European Solar Success: We Need Education And Innovation
The phenomenal global success of solar has been driven by innovation in the last decade. But there is one key driver that will be crucial to unlocking more solar success in Europe: Education!! Emilien Simonot, renewable energy technology officer at InnoEnergy discusses the need to broaden skills and knowledge.
The story of solar photovoltaics (PV) in Europe has progressed at a breathless pace in recent years. For example, while in 2005 solar contributed just 0.3 per cent of all electricity generated across the EU-28, by 2015 that figure had risen to 11.2 per cent. This is rightly celebrated, and industry commentators wonder how much further solar can go, speculating on topics such as falling cell costs and the integration of storage.
These are good and worthwhile things to talk about. Solar's success has been driven by innovation and we need that to continue. But there is one conversation we are not having in Europe (or at least, are having too quietly) that will be crucial to unlocking more solar success: we need to talk about education.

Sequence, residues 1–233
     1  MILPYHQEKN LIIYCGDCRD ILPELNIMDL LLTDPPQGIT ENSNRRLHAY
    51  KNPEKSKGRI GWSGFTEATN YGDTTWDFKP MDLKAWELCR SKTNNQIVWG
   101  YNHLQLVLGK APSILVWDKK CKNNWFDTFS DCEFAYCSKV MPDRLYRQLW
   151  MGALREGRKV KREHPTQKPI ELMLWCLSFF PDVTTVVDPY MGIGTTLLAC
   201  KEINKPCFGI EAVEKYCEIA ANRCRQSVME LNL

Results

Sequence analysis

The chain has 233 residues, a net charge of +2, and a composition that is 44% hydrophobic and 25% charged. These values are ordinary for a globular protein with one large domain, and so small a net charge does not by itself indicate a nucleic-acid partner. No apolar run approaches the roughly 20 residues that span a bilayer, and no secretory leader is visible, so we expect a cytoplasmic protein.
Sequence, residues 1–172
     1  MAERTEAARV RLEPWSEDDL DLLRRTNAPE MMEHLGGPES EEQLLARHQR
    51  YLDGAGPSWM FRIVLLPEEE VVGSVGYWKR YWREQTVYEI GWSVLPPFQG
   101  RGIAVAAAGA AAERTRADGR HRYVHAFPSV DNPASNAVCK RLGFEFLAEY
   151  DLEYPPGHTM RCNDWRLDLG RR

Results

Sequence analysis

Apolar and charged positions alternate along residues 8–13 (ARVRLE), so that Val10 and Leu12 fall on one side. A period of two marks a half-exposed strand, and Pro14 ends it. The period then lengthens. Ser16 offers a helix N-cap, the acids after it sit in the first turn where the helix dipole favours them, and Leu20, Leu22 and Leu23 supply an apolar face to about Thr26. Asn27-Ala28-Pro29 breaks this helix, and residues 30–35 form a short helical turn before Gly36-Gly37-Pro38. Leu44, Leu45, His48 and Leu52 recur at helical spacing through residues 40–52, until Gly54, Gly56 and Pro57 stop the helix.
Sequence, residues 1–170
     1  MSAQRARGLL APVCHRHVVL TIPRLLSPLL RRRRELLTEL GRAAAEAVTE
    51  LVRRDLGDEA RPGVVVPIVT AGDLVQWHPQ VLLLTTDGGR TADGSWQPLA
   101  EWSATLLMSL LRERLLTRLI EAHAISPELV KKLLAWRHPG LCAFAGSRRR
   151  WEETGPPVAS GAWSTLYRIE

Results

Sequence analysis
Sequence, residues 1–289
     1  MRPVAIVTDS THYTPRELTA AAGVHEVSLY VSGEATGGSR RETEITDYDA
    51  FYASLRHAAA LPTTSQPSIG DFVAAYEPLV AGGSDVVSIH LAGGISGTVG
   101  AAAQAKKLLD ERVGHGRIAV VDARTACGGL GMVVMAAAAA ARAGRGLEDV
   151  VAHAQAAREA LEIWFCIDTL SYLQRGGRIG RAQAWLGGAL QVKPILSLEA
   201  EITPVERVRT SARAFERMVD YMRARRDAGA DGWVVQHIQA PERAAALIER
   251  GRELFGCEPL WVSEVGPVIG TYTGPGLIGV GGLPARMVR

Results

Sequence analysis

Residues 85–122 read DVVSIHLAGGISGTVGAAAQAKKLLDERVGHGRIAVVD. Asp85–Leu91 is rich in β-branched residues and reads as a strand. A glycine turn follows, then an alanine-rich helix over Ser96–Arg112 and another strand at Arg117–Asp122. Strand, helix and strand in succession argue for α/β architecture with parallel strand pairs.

Solar's today and tomorrow
Solar panels are no longer new. Solar is considered to be a mature technology and many Europeans will be familiar with images both of large solar farms and rooftop installations at both the commercial and domestic scale. They are no longer a rare sight. But nor are they as common as they can be, or "“ in my opinion "“ as they should be. Solar energy has the potential to be one of the most widely available and cheapest sources of energy in society. Solar electricity generation overtook geothermal energy in 2008, but it has the potential to overtake natural gas, coal and nuclear too. The solar industry should be aiming for nothing less than a paradigm shift.